Currently unavailable: for new students
Degree: Mathematics (Masters) - Warwick University
Hey! I’m George, a tutor for Maths on MyTutorWeb. I'm a third year undergraduate Mathematics student currently studying at the University of Warwick.
Throughout school and university I've enjoyed helping and guiding friends through mathematical problems, enabling them to confidently tackle similar questions on their own. I’ve also tutored my younger sister in Maths throughout her GCSEs and A-levels helping her achieve great results.
My exam board for GCSE was AQA and for A-level it was OCR MEI. Don’t let that deter you if it differs to yours; the vast majority of content between exam boards overlap so I’ll be able to cover anything you throw at me!
Modules I covered at A-level: Core 1-4, Further Pure 1-2, Statistics 1-2, Mechanics 1-2, Decision 1, Numerical Methods.
In my tutorials the student is in charge; you dictate what we cover and the depth you want to go into your topic. During tutorials we can:
• Go through particular sections of your course which you're struggling with
• Go through particular questions which you can’t get your head around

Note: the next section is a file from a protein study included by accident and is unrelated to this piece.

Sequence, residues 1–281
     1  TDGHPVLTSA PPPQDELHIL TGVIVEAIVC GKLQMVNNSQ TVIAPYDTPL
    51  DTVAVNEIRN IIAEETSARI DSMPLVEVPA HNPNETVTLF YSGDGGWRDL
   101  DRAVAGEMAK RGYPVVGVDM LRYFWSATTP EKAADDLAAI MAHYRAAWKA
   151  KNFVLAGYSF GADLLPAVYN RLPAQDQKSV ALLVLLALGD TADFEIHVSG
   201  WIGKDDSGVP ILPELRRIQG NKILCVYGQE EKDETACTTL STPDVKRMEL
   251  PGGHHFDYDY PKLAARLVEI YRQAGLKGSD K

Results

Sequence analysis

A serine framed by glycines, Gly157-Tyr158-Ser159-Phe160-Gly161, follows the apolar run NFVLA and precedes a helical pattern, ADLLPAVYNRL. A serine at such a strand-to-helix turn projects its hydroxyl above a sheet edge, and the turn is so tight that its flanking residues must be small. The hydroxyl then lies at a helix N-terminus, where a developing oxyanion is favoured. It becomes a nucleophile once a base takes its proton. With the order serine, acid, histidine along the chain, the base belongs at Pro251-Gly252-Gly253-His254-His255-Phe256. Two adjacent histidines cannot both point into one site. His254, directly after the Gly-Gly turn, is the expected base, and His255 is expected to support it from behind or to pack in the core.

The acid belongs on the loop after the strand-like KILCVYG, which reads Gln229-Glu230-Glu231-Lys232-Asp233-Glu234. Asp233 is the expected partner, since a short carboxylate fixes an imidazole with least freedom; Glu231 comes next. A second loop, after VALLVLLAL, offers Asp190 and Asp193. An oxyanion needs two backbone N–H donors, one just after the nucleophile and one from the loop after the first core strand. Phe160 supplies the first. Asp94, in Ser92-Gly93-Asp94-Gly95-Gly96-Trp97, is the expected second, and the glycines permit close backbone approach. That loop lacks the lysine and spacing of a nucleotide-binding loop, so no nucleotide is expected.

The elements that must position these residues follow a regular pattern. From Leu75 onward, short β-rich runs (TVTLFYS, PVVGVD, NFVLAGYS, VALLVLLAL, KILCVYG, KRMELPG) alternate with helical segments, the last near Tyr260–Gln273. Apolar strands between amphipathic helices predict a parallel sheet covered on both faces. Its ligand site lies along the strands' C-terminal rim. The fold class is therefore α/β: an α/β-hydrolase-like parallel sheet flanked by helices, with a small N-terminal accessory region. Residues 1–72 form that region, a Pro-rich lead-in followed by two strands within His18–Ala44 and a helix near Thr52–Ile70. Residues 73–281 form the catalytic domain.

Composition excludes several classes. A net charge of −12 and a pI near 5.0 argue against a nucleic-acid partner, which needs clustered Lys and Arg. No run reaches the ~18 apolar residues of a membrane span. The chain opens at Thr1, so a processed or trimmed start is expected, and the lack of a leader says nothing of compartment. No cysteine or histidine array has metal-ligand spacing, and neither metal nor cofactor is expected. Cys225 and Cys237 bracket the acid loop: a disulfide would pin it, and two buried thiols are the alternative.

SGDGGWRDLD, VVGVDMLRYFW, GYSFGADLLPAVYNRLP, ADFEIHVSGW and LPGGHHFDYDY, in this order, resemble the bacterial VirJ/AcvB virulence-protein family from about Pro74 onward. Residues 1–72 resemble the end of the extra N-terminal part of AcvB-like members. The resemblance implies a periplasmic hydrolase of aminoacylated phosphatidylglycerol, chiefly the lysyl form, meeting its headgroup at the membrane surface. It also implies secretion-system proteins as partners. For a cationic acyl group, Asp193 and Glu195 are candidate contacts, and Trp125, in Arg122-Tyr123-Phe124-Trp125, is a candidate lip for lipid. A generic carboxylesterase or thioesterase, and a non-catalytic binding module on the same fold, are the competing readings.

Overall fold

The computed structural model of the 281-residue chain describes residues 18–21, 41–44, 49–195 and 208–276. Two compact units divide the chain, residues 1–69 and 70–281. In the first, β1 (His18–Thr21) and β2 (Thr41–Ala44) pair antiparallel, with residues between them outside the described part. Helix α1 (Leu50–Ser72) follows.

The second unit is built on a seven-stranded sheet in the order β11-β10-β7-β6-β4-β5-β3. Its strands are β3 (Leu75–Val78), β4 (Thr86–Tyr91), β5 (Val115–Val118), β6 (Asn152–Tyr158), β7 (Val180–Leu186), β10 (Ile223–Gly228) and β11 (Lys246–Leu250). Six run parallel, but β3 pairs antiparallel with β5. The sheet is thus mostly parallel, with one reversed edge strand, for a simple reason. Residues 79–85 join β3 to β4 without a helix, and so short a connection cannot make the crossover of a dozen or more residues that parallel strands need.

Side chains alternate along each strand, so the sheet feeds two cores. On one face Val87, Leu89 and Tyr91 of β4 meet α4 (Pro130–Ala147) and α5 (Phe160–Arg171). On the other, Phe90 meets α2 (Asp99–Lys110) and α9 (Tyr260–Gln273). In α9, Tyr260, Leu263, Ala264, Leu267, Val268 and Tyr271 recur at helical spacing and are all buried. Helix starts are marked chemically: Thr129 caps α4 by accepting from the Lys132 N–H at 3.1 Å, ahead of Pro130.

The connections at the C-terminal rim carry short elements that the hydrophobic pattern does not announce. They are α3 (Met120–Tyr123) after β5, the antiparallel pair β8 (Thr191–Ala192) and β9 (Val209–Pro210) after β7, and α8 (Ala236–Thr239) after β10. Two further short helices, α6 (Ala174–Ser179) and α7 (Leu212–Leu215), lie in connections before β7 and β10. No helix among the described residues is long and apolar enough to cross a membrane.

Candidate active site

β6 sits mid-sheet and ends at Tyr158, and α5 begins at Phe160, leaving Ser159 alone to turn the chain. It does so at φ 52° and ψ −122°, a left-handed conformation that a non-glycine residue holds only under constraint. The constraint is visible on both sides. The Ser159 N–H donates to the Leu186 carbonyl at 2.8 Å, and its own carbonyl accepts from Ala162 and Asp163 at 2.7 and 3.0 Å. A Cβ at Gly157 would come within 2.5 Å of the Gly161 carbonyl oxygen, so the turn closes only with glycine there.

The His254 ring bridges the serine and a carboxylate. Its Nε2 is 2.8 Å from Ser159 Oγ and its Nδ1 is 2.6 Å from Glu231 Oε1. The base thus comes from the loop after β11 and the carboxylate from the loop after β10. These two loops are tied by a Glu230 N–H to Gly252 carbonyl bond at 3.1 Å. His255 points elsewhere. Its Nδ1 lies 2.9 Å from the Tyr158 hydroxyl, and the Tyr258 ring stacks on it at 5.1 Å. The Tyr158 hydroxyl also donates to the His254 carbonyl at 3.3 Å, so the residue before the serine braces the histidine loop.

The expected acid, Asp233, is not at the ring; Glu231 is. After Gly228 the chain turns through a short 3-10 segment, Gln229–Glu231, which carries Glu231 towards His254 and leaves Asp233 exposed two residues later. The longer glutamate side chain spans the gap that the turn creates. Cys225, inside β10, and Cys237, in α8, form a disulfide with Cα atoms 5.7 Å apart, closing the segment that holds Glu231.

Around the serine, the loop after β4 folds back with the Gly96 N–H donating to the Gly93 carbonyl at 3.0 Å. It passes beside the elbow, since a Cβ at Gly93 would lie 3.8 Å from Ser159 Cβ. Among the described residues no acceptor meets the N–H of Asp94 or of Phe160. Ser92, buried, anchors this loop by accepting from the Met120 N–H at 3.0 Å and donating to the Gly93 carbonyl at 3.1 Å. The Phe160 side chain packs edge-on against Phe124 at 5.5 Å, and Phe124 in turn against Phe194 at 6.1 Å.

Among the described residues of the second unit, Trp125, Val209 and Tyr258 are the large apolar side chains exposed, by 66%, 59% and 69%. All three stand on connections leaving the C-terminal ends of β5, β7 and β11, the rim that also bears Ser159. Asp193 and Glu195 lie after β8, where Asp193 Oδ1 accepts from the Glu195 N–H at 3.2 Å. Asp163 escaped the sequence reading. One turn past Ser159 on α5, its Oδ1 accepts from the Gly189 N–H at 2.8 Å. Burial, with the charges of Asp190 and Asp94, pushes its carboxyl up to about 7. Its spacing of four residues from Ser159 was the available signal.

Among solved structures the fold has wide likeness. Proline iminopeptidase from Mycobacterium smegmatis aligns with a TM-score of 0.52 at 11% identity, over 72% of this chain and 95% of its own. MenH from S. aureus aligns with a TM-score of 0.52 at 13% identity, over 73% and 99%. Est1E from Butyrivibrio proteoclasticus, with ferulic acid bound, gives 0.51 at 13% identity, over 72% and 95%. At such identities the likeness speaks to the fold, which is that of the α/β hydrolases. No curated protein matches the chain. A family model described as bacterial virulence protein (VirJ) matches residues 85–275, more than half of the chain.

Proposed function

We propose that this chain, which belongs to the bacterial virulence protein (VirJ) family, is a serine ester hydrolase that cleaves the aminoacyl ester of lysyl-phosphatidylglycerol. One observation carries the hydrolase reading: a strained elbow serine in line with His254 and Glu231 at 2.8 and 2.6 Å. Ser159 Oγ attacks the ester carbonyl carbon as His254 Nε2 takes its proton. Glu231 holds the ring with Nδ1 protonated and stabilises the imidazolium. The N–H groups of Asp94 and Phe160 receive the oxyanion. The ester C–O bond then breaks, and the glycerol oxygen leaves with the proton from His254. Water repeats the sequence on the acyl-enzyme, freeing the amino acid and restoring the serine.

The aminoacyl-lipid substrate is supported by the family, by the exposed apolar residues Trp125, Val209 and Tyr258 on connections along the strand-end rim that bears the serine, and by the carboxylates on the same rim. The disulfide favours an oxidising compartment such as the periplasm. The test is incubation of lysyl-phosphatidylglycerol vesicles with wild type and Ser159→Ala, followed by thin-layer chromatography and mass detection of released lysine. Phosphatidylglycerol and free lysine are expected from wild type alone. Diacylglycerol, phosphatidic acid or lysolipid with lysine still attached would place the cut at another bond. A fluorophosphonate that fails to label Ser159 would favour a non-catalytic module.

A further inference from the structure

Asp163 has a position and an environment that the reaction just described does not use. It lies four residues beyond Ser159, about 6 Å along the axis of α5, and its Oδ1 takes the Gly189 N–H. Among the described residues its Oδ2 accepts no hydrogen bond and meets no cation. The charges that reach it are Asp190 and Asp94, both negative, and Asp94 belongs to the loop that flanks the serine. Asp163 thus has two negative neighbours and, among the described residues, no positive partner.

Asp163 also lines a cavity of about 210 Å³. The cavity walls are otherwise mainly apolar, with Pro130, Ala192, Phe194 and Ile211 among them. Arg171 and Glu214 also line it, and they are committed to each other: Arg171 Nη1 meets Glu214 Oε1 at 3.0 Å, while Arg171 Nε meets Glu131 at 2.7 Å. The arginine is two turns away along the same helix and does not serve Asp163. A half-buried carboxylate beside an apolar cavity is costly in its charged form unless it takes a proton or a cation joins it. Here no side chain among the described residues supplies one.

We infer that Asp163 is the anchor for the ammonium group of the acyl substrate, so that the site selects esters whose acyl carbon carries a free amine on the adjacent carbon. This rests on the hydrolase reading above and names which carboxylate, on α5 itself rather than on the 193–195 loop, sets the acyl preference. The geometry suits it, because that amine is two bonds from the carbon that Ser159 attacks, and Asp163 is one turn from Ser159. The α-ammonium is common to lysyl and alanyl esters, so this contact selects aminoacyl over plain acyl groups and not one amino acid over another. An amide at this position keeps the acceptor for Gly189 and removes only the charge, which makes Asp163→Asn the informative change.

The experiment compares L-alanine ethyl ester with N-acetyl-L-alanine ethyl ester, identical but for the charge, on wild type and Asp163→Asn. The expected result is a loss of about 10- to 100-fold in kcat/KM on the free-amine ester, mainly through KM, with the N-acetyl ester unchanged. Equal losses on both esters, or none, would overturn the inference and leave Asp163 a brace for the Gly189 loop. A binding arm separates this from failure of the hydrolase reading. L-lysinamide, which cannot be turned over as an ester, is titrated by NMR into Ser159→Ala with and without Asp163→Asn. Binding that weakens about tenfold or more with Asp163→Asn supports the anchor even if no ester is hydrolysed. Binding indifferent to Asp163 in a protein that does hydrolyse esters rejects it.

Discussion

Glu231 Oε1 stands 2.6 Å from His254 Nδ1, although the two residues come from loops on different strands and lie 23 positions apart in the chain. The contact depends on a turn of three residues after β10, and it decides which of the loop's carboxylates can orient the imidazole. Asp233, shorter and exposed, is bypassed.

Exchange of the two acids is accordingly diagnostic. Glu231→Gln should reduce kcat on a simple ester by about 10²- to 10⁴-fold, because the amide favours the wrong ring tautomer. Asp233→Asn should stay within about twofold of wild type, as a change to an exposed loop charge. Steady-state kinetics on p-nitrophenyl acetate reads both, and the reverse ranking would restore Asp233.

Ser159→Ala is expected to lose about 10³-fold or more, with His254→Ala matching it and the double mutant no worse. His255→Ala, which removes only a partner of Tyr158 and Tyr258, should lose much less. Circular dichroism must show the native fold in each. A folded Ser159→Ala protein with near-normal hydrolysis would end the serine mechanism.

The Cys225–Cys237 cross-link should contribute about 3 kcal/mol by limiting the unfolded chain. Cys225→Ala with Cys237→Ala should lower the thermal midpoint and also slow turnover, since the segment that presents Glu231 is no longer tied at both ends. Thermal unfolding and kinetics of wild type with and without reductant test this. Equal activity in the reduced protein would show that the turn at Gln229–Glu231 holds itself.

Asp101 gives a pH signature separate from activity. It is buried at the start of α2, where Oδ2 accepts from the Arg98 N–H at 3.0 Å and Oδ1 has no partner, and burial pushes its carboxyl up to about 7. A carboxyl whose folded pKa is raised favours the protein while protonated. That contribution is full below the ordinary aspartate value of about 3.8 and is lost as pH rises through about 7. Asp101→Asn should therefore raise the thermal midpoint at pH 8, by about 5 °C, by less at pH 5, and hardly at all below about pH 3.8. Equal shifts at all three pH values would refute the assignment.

• Identify areas of difficulty by going through past paper questions and build on them
Before the session I ask that you send me a 'TutorWebMail' indicating what you wish to cover plus your exam board. Doing so allows me to create a lesson plan so that I can come prepared with content specifically designed for you; click here to view an exemplar lesson plan that I've made. Additionally, after the session I'll send you the lesson plan I've created plus a (non-compulsory!) worksheet based on our tutorial, just to test yourself on whether you've understood everything during the session. An example of an exercise sheet that I've made for one of my students can be found here.
Currently unavailable to new students.
Go ahead and send me a 'TutorWebMail' if you have any unanswered questions. Additionally, feel free to book a 15 minute 'Meet the Tutor Session' on the top right of the page if you wish to get to know me better.